How To Cook Pasta Like a Chef
Firstly, let me say that this post is not about pasta in general, nor is it about a specific recipe; it is more about how to cook in a specific style with just a few ingredients. And by this I mean cooking aglio e olio--or, with garlic and oil--which of course refers to the ingredients but also the style in which it is cooked.
Besides classic pasta with tomato sauce this is my other all-time favorite. The beauty of this is that it can transform nearly any vegetable into a really delicious and healthy pasta dish. This is so delicious no vegetables are actually needed (but they do make for a complete meal); actually the classic recipe for this is made simply with pasta alone. I've posted on this basic subject in the past and on numerous occasions, click here for additional recipes, directions, and pictures.
Anyhow, in addition to the garlic and oil--which are requirements--I also include hot peppers, onion, and broth (brodo). All of these are options--especially the broth in the event you'd like to keep the meal vegetarian--but the broth really adds a fullness to the dish and flavors the pasta...but more on that in a minute.
What, I think, is just as important about this dish as the ingredients is how it is made, and by this I mean these simple but important steps. Begin by placing the oil, onion, and garlic in a cold pan. This is a really unorthodox approach to professional cooking. For most chefs--myself included--the pan can not be hot enough. But in this instance starting the recipe in a cold pan is crucial...it slowly leaches the flavors of the onion, garlic, and chilies into the oil before they brown, creating a sort of sofrito. Another step is to under cook the pasta slightly (al dente) and to add broth the the dish which you then boil vigorously. By cooking the broth quickly it evaporates and concentrates it's flavor (along with the flavors of the other ingredients). And when you add the al dente pasta to the thin pool of broth it not only finishes cooking but also absorbs these concentrated flavors as well.
This may sound a bit more complicated that it is, but it's not complicated at all. In a restaurant this will cost you a few dollars, at your home it will cost a little enjoyable time and a few pennies. Follow these simple steps and you can turn nearly whatever vegetables you have in the fridge into something really nourishing and wonderful. This is, after all, what a chef often does...turns something from their fridge (or walk-in cooler) into something really wonderful from often basic ingredients. Here it is in pictures; a recipe follows.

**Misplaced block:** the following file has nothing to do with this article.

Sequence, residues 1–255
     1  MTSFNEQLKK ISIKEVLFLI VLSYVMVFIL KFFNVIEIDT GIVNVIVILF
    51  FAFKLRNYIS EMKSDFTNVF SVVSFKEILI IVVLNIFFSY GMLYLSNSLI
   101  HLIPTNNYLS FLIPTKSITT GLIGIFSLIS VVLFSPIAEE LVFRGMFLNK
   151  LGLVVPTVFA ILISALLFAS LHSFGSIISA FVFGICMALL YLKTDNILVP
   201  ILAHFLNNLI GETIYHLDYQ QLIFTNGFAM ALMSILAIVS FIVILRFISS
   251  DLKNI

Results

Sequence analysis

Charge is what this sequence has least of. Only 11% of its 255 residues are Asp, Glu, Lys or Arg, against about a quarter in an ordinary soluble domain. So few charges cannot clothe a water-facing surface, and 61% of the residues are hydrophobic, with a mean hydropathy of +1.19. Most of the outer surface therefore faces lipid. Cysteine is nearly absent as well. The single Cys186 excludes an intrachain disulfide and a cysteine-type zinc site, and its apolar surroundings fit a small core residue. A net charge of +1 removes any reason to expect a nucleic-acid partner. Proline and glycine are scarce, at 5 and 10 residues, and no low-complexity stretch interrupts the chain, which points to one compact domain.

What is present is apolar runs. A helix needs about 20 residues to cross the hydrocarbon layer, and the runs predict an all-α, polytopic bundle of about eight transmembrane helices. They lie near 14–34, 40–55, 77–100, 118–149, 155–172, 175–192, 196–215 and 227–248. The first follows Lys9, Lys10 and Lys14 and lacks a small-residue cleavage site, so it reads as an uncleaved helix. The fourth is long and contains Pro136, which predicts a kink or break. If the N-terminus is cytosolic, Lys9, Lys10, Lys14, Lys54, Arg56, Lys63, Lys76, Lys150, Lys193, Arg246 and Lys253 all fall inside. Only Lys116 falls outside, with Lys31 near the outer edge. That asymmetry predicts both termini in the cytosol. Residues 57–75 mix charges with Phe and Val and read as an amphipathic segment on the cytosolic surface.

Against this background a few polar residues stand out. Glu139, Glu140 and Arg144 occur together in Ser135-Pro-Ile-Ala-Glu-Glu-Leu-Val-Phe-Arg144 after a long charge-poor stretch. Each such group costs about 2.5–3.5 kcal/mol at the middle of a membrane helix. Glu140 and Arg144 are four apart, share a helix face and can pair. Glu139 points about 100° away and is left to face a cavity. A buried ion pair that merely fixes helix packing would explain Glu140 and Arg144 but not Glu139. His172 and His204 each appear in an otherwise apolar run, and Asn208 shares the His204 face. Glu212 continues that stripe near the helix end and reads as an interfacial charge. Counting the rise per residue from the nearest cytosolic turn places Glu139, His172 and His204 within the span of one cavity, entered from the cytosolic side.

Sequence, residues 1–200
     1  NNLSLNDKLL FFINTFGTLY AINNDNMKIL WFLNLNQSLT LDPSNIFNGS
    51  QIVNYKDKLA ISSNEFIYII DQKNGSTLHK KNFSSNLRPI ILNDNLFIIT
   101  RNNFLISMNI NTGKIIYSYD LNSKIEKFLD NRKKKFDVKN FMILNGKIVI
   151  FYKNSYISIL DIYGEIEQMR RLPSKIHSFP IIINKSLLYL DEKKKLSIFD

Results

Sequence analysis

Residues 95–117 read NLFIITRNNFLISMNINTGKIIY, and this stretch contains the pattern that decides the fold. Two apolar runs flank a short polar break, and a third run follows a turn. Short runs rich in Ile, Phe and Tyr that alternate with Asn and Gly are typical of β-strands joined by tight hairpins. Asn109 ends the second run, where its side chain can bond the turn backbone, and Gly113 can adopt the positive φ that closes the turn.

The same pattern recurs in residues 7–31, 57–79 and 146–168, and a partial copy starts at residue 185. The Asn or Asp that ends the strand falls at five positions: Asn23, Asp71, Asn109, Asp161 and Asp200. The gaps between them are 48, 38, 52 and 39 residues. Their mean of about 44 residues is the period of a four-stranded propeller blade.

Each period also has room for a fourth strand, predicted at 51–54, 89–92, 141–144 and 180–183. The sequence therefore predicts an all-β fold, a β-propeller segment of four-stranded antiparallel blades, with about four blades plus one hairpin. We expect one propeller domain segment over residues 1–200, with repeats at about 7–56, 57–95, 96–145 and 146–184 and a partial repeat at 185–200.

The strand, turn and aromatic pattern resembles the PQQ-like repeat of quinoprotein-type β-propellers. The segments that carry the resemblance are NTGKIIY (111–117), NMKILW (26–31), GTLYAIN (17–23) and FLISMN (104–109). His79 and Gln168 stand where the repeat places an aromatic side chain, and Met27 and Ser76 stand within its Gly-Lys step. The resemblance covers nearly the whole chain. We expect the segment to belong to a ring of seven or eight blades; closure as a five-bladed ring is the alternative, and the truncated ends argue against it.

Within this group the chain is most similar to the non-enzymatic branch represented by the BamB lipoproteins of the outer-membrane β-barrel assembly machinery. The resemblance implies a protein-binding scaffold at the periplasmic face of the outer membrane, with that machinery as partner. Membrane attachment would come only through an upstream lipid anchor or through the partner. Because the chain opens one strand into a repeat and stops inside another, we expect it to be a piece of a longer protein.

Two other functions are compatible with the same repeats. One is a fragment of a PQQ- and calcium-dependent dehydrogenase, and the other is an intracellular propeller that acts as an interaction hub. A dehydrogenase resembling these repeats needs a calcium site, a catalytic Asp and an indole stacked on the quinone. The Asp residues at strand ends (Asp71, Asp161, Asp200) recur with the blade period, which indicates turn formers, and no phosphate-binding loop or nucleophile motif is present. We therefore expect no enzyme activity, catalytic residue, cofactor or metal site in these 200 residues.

Spaghetti with Broccoli, Cauliflower, Garlic, Oil, and Broth
Makes 2 servings
6 ounces whole wheat spaghetti (171g)
3 tablespoons olive oil (1.5fl oz/40ml)
1 small onion, diced (½ cup/2oz/57g)
2 cloves garlic, minced (.3oz/9g)
½ teaspoon crushed hot pepper
2 cups cauliflower florets, sliced (6oz/171g)
2 cups broccoli florets, sliced (4oz/114g)
1 cup chicken broth (8fl oz/240ml)
¼ teaspoon kosher salt
4 tablespoons Parmesan cheese (.8oz/23g)
Bring a pot of water to a boil, cook the pasta al dente, then drain it and set aside. In a large skillet, combine the olive oil, onion, garlic, and hot peppers; then turn the burner on high. Cook this for about 2 or 3 minutes, or until the onion and garlic are translucent but not browned, then add the cauliflower. Cook the cauliflower—tossing and turning it frequently—until it just starts to brown, taking care not to burn the garlic. Add the broccoli, turn it in the oil and seasonings, then add the chicken broth and salt. Bring the broth to a boil and cook it for a few minutes or until it reduces by half, turning the vegetables frequently. Add the slightly under-cooked pasta to the pan, gently turning it in the vegetables, seasonings, and broth. Cook the pasta for a a couple of minutes, until most of the liquid has absorbed into it. Remove the pan from the heat and stir in the cheese.